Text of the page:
Nibs – Nibs are shattered kernels of cacao. Nibs can either be produced by running through a winnower (a machine that shatters the dry kernel and blows away the papery skin) or by hand-peeling. In our experience, one laborer can hand-peel about 4lbs of cacao beans/day… A winnower can produce hundreds of pounds/hour if the product is roasted. And if the product is raw and simply sun-dried the machinery (depending on its size)can operate inefficiently to produce approximately 50 pounds/hour of shattered beans which must be hand-sorted to remove bits of skin that haven’t removed from the kernel….But regardless of the inefficiency, hand-peeling would at least quadruple the cost of the raw goods at the first stage of processing.

Cacao Paste –Accepted practice is to grind the nib into a paste using heat which liquefies the oils and allows the paste (or liquor) to run freely and easily refine. At Big Tree Farms we are only able to produce a rough ground cacao paste which is only used for butter pressing. Commercial pastes which are super smooth (and taste like chocolate) are created by stone milling or ball mill refining (both of which typically increase temperatures to at least 60C). Colleagues in the Cacao industry say that it is possible to produce a lower (raw) temp paste with a stone mill but this would likely not ring with the flavors of chocolate…remember that the chocolate flavor profile most people know and love comes from chemical processes which occur during roasting…Without this process cacao tends to taste somewhat acidic and grassy/herby with high notes that do not exist in roasted chocolate.

Cacao Butter – The golden oil of the Food of the Gods! Our virgin butter is processed using a proprietary pressing system we have developed over the past 4 years. We do not have a cacao factory contract produce our butter (and powder) as do ALL other players in the raw market at present... We do it ourselves in two locations close to our cacao farms using the scale-appropriate equipment we have built ourselves with the help and input of MANY cacao industry professionals. Simply put, commercially available hydraulic presses operate at temperatures of +/- 200F. As one industry professional in the US stated:
“Typically for us if the press and the liquor preheater were not at or above 200F we considered it to be malfunctioning and corrective actions were taken. “
These sentiments are corroborated across the industry. We have searched long and hard for available machinery that could operate at lower temps and with the single exception of a german expeller press which could not extract a viable % of the total butterfat, no technologies were available.

Cacao Powder - Once Cacao beans have been ground into a paste and pressed to release the butter we’re left with “cake”. Cake is then broken up, pulverized and sieved to create cacao powder…In general it is exactly the same process in either cold-processed or conventional processed systems…except for one key point; fat content of the final powder. This is one of the great indicators of a suspect raw cacao supply chain. To explain, cacao powder is available in two commercially traded grades: 10/12% and 22%. These numbers connote the remaining fat present in the powder after processing. 10/12% is obviously far lower than 22% and this is the red flag; In four years of processing and research (including working with German and Swiss engineering companies to test small batch commercial expeller presses) we have never experienced the ability to extract enough virgin cacao butter so as to end up with a 10/12% powder. Ever. And yet the powders being sold by the top raw brands are expousing the virtues of their “raw” 10/12% cacao powder from state-of-the-art processors. Sad but true, these 10/12% powders are ALL frauds. Another cacao processor in the US states that “should the temperature of the press not be maintained at or above 200F, the fats would begin to exceed 12% in the end powder.” In other words, 10/12% powders are not possible in raw processing. Period. NOTE - JUST BECAUSE A CACAO POWDER IS HIGH FAT (for example 22% fat) DOES NOT MEAN IT IS RAW OR COLD-PROCESSED...THIS HAS ALSO BEEN USED TO CONFUSE CONSUMERS.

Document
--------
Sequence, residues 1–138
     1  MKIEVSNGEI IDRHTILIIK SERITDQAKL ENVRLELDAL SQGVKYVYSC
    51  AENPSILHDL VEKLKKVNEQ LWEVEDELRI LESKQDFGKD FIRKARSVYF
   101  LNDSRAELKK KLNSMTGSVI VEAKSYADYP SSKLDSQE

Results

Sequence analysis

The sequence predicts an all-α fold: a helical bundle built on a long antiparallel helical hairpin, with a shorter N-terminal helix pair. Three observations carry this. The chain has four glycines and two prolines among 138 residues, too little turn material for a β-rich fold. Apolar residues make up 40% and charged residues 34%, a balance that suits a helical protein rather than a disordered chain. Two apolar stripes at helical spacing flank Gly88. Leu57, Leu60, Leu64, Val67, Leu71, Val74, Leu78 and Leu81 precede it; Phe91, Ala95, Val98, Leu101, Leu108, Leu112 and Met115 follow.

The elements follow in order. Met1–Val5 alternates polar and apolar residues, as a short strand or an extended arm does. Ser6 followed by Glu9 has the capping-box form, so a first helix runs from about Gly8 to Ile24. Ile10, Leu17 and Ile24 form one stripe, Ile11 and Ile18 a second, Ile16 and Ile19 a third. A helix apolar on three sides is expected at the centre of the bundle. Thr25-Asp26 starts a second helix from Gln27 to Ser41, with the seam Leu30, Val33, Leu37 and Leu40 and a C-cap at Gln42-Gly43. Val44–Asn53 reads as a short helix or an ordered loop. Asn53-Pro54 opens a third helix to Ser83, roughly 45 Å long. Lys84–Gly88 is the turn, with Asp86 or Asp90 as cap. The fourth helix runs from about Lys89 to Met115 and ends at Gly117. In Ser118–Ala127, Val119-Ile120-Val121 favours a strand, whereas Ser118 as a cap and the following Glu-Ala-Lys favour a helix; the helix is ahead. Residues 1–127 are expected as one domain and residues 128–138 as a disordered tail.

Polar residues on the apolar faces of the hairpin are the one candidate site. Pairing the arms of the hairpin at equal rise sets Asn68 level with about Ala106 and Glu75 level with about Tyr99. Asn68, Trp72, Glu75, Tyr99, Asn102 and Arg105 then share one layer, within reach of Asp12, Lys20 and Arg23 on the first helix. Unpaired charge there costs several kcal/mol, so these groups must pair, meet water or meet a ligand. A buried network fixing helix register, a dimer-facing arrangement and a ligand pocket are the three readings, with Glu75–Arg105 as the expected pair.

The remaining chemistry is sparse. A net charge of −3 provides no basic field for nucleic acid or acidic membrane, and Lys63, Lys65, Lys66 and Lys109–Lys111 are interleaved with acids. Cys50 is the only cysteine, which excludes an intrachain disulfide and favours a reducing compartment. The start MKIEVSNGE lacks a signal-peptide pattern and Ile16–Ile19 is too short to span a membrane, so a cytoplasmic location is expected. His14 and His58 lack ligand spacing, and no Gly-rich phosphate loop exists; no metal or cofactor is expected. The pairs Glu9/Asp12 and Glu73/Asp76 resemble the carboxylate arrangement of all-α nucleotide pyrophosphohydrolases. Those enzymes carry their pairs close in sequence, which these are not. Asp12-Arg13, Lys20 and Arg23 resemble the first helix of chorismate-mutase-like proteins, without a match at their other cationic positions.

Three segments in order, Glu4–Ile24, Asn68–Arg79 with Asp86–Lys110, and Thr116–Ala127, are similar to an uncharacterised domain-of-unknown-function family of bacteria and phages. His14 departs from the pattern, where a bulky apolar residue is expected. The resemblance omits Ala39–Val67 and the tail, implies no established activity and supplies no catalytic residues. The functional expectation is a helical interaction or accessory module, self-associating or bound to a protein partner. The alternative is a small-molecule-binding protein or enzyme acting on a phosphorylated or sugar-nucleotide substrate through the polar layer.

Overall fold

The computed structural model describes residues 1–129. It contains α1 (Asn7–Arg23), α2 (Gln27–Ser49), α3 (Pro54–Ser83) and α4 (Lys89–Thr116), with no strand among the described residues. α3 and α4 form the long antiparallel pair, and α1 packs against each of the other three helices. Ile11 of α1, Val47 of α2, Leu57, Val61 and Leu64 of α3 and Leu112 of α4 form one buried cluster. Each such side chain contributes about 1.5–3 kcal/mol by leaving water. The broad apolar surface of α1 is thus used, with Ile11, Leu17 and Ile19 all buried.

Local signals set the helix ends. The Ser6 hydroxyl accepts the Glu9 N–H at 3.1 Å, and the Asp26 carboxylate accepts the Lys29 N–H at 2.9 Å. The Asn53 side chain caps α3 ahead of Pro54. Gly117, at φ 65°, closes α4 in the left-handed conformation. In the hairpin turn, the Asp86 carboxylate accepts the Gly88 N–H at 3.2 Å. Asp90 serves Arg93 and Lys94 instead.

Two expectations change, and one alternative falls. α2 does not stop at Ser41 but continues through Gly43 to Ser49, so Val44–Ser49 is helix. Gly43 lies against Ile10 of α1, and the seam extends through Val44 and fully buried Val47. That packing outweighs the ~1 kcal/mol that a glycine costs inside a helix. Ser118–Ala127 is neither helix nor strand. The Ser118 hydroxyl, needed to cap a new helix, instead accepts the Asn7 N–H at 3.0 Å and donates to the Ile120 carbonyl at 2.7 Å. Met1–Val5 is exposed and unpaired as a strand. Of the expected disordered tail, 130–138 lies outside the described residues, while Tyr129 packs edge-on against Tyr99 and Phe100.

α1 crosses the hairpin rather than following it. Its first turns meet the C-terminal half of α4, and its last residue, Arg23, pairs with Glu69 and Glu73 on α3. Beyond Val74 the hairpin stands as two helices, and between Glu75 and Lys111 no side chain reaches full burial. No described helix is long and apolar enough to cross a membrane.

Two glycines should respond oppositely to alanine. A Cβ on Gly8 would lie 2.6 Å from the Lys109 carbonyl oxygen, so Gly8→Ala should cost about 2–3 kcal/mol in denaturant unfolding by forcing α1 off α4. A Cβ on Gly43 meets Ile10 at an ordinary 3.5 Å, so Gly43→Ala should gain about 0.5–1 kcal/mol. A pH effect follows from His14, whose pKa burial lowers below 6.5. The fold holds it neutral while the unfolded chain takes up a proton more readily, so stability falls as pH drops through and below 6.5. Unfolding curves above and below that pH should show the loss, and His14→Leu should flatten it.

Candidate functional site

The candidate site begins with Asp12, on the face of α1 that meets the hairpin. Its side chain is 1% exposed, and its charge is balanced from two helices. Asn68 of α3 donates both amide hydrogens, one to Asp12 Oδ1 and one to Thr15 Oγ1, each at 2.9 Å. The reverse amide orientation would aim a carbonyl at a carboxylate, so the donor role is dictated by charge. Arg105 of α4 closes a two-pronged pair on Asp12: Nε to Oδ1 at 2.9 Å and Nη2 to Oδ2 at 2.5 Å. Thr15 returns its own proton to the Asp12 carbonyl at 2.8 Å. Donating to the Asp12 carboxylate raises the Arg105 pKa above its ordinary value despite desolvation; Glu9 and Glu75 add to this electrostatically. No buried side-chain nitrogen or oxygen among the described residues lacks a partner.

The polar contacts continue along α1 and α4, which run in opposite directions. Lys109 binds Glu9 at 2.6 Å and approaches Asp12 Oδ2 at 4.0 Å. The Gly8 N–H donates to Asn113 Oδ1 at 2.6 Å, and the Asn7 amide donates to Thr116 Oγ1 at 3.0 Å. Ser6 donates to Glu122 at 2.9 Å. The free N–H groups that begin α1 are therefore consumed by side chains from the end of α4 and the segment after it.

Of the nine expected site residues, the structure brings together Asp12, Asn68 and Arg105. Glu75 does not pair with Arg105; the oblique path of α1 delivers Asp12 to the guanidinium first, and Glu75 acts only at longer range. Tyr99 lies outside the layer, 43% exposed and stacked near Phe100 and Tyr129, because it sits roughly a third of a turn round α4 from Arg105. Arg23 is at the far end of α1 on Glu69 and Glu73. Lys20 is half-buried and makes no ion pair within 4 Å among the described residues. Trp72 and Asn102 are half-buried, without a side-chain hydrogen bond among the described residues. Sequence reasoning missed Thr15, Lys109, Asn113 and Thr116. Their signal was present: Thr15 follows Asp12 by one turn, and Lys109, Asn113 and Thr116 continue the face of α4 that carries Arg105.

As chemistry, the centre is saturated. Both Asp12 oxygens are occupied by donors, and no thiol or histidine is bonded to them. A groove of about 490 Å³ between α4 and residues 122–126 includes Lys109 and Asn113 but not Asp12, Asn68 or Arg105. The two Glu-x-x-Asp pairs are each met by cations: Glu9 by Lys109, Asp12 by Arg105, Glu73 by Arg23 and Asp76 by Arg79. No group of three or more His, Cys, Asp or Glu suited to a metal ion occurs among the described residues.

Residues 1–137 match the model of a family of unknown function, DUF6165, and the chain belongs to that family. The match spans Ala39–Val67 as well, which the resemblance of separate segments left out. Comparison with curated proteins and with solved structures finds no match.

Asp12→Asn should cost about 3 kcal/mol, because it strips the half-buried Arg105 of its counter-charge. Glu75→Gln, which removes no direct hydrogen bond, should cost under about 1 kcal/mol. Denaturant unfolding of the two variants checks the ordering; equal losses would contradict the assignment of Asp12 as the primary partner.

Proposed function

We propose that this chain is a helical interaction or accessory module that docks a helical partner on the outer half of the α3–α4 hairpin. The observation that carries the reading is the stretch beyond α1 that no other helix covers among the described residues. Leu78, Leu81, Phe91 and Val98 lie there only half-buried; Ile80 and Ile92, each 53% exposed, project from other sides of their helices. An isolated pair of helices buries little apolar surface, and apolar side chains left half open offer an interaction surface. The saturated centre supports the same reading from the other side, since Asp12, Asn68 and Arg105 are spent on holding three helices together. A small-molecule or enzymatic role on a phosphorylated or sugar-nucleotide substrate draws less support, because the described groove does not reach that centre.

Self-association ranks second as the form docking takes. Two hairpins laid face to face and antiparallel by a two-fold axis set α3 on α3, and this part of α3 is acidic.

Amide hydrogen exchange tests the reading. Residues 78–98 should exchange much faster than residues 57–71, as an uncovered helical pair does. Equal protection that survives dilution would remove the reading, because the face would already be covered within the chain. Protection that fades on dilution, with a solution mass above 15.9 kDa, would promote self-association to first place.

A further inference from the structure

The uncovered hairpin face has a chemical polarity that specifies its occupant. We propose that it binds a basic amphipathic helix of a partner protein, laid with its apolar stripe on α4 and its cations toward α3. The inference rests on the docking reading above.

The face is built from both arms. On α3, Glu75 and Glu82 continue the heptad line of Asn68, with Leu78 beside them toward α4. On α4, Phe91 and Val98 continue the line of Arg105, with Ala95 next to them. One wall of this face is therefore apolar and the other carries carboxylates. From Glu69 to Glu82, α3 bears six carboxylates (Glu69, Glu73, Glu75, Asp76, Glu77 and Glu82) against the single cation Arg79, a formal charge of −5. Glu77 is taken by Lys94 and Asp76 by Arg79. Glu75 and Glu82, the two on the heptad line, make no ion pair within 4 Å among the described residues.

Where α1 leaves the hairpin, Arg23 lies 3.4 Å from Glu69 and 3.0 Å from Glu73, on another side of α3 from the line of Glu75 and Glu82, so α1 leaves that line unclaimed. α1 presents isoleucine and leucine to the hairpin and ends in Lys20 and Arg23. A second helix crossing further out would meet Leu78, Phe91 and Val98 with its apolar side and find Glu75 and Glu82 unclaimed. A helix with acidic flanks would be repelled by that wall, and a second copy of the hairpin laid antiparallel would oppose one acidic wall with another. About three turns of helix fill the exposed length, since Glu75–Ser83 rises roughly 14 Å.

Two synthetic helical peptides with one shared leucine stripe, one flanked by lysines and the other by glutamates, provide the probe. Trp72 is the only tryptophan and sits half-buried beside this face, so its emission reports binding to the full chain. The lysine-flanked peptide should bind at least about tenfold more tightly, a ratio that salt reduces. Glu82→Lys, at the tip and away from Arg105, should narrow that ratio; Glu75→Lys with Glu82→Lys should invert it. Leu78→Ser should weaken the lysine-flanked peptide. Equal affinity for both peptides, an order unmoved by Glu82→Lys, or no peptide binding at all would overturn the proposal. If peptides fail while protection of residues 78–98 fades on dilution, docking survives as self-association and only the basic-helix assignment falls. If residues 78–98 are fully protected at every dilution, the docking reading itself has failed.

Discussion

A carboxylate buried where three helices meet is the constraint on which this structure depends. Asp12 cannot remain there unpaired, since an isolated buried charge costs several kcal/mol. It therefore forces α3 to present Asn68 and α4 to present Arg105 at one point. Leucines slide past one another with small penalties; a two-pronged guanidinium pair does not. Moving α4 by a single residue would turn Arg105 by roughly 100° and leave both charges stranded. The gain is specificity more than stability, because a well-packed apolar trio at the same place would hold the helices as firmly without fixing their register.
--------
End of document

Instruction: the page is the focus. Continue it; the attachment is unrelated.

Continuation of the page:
So this is the story with raw cacao….One of the most sought after and least available products on the market. It is an awful shame that many of the current market leaders of the raw community are so entrenched in a fight for market share that they allow product integrity to place a distant second to revenue. The raw foods community has been unregulated for too long and it shows with blatant fraud occurring throughout the supply from origin to consumer.